So please send me your Harvest photos and observations by end of day 10/31/08 if you would like to be included in the report and media outreach efforts. You can send to me at melissa (dot) dobson (at)  If you’re interested in having me come out to shoot photos and make observations in person, let me know.  I have several wineries signed on for an in-person visit, but I’ll get to you if possible.

Come on Finger Lakes wineries, let’s show ’em how beautiful and bountiful Harvest time is here in Finger Lakes Wine Country!

Cheers! From Melissa’s Desk

The Vista from Atwater Estate Vineyards

The Vista from Atwater Estate Vineyards

For Week of 10/6/08:

  • This week, freelance writer Patricia Savoie featured The Finger Lakes in a seven-page spread in Sommelier Journal. The publication has carved out a niche as “the only magazine specifically targeting restaurant wine professionals. Wine retailers, importers and distributors, winemakers, and serious wine consumers will all be strong secondary markets. In fact, anyone who is serious about wine will be interested in this magazine.” There is also a forum post about the article beginning a discussion debating whether or not one of the reasons that the Finger Lakes wine industry has not been able to break out into the mainstream is due to lack of production. Thus far, only Bob Madill of Sheldrake Point Vineyard and Finger Lakes Wine Alliance has responded with his views. If you have a moment, and would like to provide your insight into the wine industry in the Finger Lakes, go to the forum and set up a profile so that your views can be heard. These types of forums are valuable, free educational and marketing vehicles that can create two-way conversations and drive further understanding and awareness to the region as well as to you and your winery as a source of information and quality wine.  And it shows that you’re plugged in and interested in supporting the efforts of your fellow winery owners.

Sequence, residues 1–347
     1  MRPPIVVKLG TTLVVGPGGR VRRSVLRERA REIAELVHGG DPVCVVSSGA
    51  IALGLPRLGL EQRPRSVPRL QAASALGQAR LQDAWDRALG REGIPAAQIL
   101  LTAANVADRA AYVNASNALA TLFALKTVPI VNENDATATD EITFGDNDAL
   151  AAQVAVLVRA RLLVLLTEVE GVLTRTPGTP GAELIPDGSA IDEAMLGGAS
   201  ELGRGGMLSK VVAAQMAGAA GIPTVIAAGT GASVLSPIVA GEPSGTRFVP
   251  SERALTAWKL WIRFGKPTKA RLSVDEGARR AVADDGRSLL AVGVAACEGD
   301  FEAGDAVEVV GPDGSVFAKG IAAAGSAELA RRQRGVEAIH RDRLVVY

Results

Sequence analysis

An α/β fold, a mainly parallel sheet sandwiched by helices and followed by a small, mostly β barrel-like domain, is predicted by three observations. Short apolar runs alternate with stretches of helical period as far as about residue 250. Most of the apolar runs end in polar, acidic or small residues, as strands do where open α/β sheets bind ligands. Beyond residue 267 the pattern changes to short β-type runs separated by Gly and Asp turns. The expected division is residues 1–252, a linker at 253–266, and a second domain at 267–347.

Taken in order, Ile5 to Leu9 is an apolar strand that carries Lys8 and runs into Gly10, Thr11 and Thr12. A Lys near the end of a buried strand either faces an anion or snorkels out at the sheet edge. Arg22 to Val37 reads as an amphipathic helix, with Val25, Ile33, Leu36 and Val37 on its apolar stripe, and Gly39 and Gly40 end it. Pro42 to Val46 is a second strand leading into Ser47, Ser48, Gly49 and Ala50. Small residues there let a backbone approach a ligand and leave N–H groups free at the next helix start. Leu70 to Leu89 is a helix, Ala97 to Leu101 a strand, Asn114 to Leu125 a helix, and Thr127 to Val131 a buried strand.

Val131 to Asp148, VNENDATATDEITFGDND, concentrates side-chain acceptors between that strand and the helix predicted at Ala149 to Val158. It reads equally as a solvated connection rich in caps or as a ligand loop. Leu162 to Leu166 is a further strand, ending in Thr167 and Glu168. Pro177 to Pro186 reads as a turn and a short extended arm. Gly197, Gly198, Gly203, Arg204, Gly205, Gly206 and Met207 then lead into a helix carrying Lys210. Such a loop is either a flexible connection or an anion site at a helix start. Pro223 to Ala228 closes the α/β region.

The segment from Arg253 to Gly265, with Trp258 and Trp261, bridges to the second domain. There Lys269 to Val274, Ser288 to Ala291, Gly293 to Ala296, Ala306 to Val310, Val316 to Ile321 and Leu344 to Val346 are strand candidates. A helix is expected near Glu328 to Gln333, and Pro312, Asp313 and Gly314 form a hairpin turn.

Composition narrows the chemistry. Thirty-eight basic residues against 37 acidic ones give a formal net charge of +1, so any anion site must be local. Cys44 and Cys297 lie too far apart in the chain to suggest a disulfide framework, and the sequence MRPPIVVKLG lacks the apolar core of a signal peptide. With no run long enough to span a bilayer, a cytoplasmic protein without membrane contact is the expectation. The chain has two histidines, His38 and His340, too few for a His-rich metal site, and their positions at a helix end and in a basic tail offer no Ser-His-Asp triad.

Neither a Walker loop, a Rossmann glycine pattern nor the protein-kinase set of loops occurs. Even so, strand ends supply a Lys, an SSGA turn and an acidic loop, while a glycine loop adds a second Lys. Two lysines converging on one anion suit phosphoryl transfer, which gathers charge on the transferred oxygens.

• Looking for further insight into how social media can help you?  See a recent post by Judd Wallenbrock, Owner & Founder, Humanitas Winery; President/GM, Michel-Schlumberger Wine Estate, and check out the comments section to decide for yourself.  Judd explores how blogs and other social media platforms allow for the return of two-way conversation in the wine world.